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TypeScript Tutorial - 'infer' keyword

aexol profile image Artur Czemiel Updated on ・2 min read

Hello, this is starting the article for advanced TypeScript tutorial series. Today I'll cover basic usage of:


For me, it was hard to understand at the beginning what I can really do with infer. Let's start with a really basic example.

type FlattenIfArray<T> = T extends (infer R)[] ? R : T

So let's analyze this code:

  1. We check if our generic Type is the array
  2. If it is array extract the real type from it
  3. If it does not leave it as is

Still, it is not clear what infer is doing, so let's proceed with another example

type Unpromisify<T> = T extends Promise<infer R> ? R : T

This one looks more clear as it doesn't have parenthesis:

  1. We check if type extends Promise
  2. If it does we extract the type from the promise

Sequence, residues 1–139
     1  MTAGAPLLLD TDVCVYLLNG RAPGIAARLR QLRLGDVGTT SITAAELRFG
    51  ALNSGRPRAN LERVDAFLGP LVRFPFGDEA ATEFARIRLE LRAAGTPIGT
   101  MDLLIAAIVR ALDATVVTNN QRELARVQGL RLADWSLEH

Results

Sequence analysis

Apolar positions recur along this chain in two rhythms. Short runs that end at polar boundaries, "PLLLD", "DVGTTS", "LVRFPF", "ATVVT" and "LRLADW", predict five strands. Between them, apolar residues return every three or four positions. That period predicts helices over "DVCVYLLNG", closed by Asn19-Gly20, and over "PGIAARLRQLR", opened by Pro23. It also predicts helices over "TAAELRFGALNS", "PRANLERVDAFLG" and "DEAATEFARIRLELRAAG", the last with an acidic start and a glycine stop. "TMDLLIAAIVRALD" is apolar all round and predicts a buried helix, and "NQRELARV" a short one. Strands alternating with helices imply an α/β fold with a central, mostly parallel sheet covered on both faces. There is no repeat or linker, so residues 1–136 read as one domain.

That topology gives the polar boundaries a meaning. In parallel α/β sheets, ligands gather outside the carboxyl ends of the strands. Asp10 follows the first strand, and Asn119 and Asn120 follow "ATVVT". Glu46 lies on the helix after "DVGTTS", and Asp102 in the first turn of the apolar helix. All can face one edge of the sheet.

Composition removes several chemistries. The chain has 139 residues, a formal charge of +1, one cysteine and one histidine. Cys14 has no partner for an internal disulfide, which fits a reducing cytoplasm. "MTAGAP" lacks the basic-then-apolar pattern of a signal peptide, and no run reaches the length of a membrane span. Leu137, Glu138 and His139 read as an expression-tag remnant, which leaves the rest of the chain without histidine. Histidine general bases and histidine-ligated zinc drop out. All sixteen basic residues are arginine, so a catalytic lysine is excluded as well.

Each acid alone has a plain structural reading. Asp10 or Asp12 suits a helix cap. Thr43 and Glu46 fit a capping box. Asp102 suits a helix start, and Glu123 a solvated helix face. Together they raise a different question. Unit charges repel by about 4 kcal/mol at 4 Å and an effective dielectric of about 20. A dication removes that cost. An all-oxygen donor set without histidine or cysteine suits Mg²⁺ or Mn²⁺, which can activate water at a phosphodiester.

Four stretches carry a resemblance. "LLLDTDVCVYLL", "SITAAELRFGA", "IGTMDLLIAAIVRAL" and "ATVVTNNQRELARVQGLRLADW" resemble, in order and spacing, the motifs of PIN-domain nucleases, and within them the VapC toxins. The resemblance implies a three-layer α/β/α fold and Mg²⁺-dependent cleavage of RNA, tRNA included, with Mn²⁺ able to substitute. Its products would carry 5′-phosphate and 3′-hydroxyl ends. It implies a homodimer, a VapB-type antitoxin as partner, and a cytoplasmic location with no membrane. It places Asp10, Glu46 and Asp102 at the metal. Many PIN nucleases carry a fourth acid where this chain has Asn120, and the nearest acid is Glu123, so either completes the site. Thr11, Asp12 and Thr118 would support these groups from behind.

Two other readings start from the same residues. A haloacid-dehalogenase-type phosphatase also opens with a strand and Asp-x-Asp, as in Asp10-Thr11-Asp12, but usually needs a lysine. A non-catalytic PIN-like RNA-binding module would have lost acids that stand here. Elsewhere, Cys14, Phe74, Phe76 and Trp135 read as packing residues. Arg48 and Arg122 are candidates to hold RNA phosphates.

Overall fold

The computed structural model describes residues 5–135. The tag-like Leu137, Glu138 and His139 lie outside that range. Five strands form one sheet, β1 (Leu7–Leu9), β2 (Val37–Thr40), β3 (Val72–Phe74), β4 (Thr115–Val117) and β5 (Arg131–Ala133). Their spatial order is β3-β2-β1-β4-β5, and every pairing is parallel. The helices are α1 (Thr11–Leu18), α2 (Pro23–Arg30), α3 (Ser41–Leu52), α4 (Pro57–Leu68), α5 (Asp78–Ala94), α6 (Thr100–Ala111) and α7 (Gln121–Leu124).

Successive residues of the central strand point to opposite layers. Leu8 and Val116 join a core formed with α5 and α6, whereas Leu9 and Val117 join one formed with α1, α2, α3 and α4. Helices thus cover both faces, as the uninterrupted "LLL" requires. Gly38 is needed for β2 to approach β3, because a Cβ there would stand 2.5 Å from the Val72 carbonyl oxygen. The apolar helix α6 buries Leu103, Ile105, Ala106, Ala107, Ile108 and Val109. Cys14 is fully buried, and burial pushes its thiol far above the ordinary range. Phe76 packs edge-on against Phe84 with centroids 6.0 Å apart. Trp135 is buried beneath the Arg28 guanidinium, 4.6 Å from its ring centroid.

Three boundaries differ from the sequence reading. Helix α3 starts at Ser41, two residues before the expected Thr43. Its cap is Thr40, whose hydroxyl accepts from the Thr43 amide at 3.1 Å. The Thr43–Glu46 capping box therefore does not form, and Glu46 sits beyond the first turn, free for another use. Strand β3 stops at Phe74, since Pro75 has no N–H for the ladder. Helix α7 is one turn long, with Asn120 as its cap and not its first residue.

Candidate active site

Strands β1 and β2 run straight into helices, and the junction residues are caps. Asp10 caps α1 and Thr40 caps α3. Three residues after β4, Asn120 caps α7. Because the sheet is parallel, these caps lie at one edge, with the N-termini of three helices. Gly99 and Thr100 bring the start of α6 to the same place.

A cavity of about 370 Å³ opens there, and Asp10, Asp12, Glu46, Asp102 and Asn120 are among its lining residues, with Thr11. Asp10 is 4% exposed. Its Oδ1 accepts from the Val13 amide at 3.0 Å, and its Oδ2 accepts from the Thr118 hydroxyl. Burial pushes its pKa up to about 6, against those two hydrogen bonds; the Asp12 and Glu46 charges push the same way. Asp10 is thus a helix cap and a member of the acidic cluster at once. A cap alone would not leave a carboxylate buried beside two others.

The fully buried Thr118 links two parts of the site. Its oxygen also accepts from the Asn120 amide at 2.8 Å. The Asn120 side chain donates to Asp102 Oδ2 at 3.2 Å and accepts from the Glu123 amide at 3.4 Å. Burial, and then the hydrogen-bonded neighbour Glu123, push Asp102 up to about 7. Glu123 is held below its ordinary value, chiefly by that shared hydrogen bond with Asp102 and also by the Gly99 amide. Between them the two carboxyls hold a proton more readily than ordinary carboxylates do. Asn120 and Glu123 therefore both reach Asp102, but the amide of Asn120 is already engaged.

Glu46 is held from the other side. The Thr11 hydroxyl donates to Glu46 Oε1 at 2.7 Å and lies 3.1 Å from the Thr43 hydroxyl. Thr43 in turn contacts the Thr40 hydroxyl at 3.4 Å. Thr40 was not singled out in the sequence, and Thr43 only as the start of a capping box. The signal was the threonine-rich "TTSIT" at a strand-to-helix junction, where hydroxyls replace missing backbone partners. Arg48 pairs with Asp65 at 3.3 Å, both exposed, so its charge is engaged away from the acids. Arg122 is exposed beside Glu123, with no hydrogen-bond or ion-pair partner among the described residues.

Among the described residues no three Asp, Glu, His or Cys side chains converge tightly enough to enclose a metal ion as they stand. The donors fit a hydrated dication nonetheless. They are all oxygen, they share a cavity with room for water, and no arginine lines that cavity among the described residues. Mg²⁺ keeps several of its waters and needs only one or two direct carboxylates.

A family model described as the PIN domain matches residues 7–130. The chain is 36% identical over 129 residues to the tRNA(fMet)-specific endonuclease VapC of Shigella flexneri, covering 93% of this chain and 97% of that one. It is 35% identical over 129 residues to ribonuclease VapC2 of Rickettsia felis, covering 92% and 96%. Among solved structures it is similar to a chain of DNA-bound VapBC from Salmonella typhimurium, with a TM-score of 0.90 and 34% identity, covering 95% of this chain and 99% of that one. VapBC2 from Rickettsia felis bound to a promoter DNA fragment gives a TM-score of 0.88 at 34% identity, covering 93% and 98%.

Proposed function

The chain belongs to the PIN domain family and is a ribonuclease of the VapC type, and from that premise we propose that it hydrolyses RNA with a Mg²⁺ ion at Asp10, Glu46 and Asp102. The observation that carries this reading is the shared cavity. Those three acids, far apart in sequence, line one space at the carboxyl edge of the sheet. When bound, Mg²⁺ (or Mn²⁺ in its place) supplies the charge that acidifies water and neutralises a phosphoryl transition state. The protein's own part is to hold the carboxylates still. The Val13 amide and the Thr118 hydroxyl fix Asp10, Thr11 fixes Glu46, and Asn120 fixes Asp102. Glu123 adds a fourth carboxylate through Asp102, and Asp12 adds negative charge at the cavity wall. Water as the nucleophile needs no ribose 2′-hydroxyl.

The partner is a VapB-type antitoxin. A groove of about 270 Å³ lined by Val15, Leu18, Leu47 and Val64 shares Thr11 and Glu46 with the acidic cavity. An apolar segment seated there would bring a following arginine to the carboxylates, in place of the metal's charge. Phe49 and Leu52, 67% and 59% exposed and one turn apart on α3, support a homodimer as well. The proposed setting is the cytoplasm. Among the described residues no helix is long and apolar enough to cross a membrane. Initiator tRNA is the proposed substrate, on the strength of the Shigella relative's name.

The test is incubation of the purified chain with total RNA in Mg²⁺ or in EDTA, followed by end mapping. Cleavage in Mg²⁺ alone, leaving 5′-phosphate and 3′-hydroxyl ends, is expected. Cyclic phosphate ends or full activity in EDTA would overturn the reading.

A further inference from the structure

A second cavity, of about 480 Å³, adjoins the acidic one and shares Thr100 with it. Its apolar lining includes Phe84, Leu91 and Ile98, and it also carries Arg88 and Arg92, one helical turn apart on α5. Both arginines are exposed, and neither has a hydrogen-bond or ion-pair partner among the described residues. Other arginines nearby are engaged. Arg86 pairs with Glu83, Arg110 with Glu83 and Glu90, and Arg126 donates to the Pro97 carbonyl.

3. If it does not leave it as is

See? If you use extends only just to check if the type is a promise you would use

type Unpromisify<T> = T extends Promise<any> ? T : never

And in infer instead of any keyword, you infer the value from type. Let's try with more advanced types then:

type FuncWithOneObjectArgument<P extends { [x: string]: any }, R> = (
  props: P
) => R;

type DestructuredArgsOfFunction<
  F extends FuncWithOneObjectArgument<any, any>
> = F extends FuncWithOneObjectArgument<infer P, any> ? P : never;

const myFunction = (props: { x: number; y: number }): string => {
  return "OK";

const props: DestructuredArgsOfFunction<typeof myFunction> = {
  x: 1,
  y: 2

Intellisense for props works like this:

You can make use of it inferring React Component props for example or another function that uses destructured params.

Posted on by:

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Artur Czemiel


GraphQLEditor.com CTO. CEO of aexol.com Author of https://github.com/slothking-online/graphql-editor


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Thanks, Artur! Clear and effective article!